And this is a people ruled with such great peace, both by the rulers and those who are ruled, that not a weapon is seen. This is a people who like eating and drinking. The system used in this land is such that, because they are highly corrupt, it seems to demand every three years new Governors, born in a different Province, to be installed. I am amazed at the calm with which this land is ruled. And they have what is called an anchachi, who is responsible for judging crime, and who is like the capitão (Captain-Major) of the city, and another is called the ponchachi, who is like the tesoureiro (Treasurer) or vedor-de-fazenda (Keeper of Finances), who collects all the Revenue of the Province, and another aitão, 10who governs the affairs of war, and yet another responsible for marine affairs, called the chaem, and they wear in their apparel the emblem of an eye and a hand, which is on all of them to ascertain that they fulfil their duties, and then, if they do not fulfil them well, they must endure sentences and punishments, which come approved from the court of the King. There is another whom they call tutão, who is like a Viceroy, above all others, and who has universal governorship of the whole Province, and he visits all of it. Each one of these [two] wears a cap as a divisa (emblem) which is given to them by the King and their apparel bear the armas (arms) of the same King which are lions [dragons] on a gold background, and when they wear these emblems, each for his own tasks, they are so venerated that it is a marvel to behold. And they represent such gravidade (pomp) and majesty that they can only be addressed by others kneeling and from afar. They have sumptuous houses given to them by the King and there are so many of these Governors that the Chins claim that in this Province of Guangzhou alone the King feeds a hundred thousand men who are in the service of justice and guardianship of the land.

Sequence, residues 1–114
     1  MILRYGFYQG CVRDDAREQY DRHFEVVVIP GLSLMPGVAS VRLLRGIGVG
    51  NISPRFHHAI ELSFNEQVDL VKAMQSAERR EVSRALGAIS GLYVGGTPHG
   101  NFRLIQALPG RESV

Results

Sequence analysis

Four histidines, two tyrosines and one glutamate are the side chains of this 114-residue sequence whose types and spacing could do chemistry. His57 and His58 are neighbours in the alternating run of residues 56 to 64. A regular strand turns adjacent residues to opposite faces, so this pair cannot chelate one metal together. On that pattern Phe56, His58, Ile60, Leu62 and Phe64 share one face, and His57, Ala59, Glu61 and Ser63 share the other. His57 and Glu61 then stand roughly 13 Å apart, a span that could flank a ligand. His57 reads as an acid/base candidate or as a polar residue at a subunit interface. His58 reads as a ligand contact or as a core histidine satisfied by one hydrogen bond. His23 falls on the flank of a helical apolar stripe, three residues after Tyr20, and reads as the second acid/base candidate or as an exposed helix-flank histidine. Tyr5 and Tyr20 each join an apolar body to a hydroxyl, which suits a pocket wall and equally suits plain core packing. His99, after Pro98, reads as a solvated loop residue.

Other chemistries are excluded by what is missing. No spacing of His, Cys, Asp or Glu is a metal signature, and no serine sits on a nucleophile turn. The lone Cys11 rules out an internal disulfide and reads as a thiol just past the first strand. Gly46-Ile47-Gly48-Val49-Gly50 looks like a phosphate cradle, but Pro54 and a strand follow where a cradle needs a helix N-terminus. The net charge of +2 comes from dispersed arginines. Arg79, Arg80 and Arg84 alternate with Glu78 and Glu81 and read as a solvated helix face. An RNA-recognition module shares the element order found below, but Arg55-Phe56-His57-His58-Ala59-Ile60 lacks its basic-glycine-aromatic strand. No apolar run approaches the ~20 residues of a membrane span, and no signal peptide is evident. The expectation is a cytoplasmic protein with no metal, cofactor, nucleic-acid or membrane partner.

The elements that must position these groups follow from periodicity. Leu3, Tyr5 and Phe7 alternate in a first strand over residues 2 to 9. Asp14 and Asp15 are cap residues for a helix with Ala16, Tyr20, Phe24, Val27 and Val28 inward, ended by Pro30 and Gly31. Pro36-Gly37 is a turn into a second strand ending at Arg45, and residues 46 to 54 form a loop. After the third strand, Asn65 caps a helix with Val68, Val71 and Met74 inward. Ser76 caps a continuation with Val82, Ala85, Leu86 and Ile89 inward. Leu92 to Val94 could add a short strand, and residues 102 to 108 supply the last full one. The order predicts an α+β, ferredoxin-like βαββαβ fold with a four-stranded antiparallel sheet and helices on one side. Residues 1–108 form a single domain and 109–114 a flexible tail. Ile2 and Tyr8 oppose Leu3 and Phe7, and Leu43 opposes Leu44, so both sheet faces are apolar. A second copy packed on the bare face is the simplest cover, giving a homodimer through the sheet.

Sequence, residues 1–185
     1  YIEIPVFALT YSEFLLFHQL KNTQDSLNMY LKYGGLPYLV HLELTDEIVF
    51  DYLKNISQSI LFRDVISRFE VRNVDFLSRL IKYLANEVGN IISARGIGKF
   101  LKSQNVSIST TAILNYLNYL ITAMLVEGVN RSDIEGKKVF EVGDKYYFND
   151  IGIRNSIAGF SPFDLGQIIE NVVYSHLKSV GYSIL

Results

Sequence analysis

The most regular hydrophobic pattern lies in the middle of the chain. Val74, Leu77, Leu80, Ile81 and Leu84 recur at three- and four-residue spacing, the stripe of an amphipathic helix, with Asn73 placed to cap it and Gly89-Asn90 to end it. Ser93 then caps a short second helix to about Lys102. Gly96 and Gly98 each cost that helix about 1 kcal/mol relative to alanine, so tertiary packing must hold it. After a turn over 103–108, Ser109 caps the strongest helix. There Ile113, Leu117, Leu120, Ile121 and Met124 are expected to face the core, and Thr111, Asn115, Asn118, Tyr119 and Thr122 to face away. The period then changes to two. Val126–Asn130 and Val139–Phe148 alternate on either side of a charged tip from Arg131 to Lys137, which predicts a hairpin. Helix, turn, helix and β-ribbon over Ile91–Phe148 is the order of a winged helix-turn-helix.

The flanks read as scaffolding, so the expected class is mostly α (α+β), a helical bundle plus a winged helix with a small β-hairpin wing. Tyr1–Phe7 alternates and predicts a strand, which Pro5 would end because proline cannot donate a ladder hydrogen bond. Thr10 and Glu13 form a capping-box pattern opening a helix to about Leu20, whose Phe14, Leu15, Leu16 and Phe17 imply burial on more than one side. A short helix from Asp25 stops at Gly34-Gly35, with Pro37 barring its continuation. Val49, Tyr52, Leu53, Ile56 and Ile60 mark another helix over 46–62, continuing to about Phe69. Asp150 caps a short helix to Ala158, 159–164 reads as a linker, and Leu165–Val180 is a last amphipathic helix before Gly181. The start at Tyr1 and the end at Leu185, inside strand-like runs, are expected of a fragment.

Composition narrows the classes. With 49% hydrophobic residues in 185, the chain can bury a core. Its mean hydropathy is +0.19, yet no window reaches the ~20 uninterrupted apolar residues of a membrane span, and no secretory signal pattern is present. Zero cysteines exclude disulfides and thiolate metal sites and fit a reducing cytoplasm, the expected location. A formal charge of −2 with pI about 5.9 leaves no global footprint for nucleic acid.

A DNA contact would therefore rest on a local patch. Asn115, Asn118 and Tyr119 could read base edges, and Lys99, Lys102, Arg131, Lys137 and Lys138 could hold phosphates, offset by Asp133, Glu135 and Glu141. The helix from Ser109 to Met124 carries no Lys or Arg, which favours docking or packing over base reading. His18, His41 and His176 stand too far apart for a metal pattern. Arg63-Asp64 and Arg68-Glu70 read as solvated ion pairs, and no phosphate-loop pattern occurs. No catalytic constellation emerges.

Acting as judges of all, they can be addressed about anything either by speaking or in writing. There are doormen at the entrance, who give the name of each person and announce their requests. The weapons that the King's men bear that accompany them are canes a braça (brace) in length and a mão (hand) in width, split down the middle and roasted in the fire. All men, rich, poor, tall or short are whipped with these canes for the slightest of reasons and they are whipped on the back of the legs and every cane bearer whips five times with all the strength in him and this whipping is so cruel that those who suffer fifty lashes usually die or are crippled, because their bones are broken. And some whipping was done before me, but I think that if they bore this for the honour of Christ, they hurt more than the forty minus one given to St. Paul. 11